Wednesday, January 30, 2019

Put down that almond milk

The news about almonds gets worse and worse. In 2015, Mother Jones exposed that almond groves used up more water in California than the residents of LA and SF combined. Almonds made up 17% of all irrigated farm land in CA and used up 10% of CA irrigation water used for food crops.

Almond apologists countered that almonds are highly nutritious and that their water use should be weighed against their nutritional and economic values.  The Almond Board of California (an industry group) hired researchers at UC Davis and CSU Sacramento to study the water footprint of almonds and their nutritional and economic value relative to other California crops.

The evidence is in and it looks even worse for almonds.

Remember the statistic of 1.1 gallons of water per almond?  It's actually 12 liters or 3.2 gallons per almond.

It got kinda wonky
Consumptive water use includes the water from managed sources, termed “blue water,” effective rainfall or “green water” and pollution impacts to ground and surface water, termed “grey water.”
Translation:
  • Green water falls from the sky
  • Blue water is managed by humans by pumping it up from underground aquifers or transporting it from another region
  • Grey water is the amount of water fouled by pollution from almond production
Water inputs to almonds by type.  Notice the tiny amount of rainwater (green) used relative to imported or groundwater and how polluting it is.
Almond apologists chime, "Almonds are nutritious!" True, but how do they rank nutritionally compared to other California crops? "Spinach, broccoli, raspberries, artichokes, and kiwifruit rank similarly in relative nutrient content but rank better in terms of water footprint."

Almonds use more water than any other crop and provide less nutritional value than other tree nuts.  Almonds are comparable nutritionally to some row crops like spinach, broccoli and berries--but at much higher water cost.
The money shot:
Almonds are a mediocre money-maker relative to their water input.  It falls on the line with most other crops.  Spinach, strawberries, and berries in general,  are the real money makers.

Almonds do bring in the most revenue per kilogram of all food crops, but with mediocre returns relative to saner crops. If we wanted to maximize revenue for water consumed, we should grow spinach, strawberries, raspberries and blueberries. Moreover, spinach and berries are row crops, which means their acreage can be rotated or fallowed as conditions warrant.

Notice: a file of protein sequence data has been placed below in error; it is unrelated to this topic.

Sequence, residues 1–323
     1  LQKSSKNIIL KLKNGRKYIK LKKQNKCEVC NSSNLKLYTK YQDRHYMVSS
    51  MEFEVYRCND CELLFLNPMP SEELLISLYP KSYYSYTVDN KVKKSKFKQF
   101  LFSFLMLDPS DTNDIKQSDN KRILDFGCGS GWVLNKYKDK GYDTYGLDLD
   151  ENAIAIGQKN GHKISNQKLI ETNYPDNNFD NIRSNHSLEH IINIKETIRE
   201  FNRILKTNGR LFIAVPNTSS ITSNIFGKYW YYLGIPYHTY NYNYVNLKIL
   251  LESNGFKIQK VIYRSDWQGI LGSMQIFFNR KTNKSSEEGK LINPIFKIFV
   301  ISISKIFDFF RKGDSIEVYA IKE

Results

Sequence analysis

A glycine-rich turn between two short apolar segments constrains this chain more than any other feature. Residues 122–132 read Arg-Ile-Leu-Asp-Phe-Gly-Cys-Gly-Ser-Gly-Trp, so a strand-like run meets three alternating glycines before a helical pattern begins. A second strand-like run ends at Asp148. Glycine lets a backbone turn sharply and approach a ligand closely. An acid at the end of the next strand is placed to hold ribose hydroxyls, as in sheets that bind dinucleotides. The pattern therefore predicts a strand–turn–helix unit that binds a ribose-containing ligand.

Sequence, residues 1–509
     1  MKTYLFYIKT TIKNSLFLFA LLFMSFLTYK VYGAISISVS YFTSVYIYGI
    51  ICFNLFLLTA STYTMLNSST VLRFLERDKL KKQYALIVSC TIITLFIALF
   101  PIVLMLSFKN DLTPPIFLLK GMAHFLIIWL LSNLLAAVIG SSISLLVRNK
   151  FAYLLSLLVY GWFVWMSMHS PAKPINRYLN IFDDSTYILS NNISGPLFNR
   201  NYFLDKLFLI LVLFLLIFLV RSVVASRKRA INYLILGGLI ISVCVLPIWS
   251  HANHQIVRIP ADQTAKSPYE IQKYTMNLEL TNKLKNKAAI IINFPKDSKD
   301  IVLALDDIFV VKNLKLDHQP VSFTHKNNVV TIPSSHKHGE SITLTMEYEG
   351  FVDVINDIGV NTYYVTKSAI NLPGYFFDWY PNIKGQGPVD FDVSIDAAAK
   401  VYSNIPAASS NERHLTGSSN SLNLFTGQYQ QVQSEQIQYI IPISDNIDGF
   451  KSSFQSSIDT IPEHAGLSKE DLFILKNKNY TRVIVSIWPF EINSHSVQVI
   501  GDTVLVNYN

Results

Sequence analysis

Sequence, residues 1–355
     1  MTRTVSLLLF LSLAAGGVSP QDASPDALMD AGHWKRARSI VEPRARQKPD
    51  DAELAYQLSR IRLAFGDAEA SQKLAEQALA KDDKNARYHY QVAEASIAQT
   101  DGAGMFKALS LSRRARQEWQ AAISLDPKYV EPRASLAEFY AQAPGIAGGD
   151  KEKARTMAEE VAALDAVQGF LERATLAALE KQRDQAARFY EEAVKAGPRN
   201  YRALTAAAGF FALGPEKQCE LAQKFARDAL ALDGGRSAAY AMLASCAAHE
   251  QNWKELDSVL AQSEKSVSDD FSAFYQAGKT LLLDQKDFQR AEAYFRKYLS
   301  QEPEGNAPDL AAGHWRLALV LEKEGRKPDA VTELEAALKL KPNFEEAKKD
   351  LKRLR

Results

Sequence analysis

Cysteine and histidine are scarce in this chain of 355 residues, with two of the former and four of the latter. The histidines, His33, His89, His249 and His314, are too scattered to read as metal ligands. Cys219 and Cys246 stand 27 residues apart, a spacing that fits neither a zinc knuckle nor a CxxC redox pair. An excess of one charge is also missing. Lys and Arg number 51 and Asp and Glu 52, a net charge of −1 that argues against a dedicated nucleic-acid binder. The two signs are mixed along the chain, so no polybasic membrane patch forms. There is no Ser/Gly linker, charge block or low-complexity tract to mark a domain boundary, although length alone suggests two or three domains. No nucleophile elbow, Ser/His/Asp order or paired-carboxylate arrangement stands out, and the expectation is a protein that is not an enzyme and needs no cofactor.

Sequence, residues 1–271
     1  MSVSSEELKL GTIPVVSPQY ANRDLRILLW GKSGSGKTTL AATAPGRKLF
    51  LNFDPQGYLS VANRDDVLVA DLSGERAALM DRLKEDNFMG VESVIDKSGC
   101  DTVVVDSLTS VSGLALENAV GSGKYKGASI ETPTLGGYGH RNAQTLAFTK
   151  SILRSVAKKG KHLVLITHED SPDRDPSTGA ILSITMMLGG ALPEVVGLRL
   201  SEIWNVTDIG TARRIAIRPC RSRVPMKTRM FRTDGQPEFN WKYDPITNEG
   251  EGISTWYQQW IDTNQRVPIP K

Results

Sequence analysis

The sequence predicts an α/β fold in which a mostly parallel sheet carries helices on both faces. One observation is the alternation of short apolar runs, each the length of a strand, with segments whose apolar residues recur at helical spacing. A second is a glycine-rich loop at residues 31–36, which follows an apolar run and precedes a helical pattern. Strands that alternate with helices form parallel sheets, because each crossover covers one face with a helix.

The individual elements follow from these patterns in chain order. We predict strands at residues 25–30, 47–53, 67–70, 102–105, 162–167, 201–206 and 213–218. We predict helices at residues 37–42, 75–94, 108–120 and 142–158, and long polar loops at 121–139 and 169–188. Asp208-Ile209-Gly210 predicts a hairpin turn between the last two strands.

Almond trees need to be  irrigated year-round, every year.  In drought years, when there is little rainfall and no water to import, almond growers pump obscene amounts of water from aquifers (some 100,000 to millions of years old) until the land literally breaks and sinks. The acreage under these almond farms is sinking up to 11 inches per year, breaking roads, bridges and aqua ducts.

Almond farmers are privatizing a public resource, groundwater, and socializing the cost of their irresponsible behavior (pollution, broken shared infrastructure.)  Until we attain the political will to drastically reduce and regulate almond farms, don't buy almond products.  Please spread the word that vegan is not always good for the environment or the earth.

4 comments:

  1. Thank you for informing me. But damn.

    ReplyDelete
  2. We have a lot of similar issues here. Australia, the driest continent in the world grows cotton as a cash crop. This takes place at the head of a major river. Result...the rived is now pretty much dead for 1500 kms. Fish are dying in the 1000's. And one state is impacted negatively very much by this - one of the best food growing states in Australia. Go figure...

    ReplyDelete
    Replies
    1. I read about the Murray Darling basin and it has me fuming. How can the cotton fields of Queensland be wet while the fish are dying downriver?

      Delete
  3. Thank you. Posting link on my socials. My son is patting himself on the back for telling me this years ago.

    ReplyDelete

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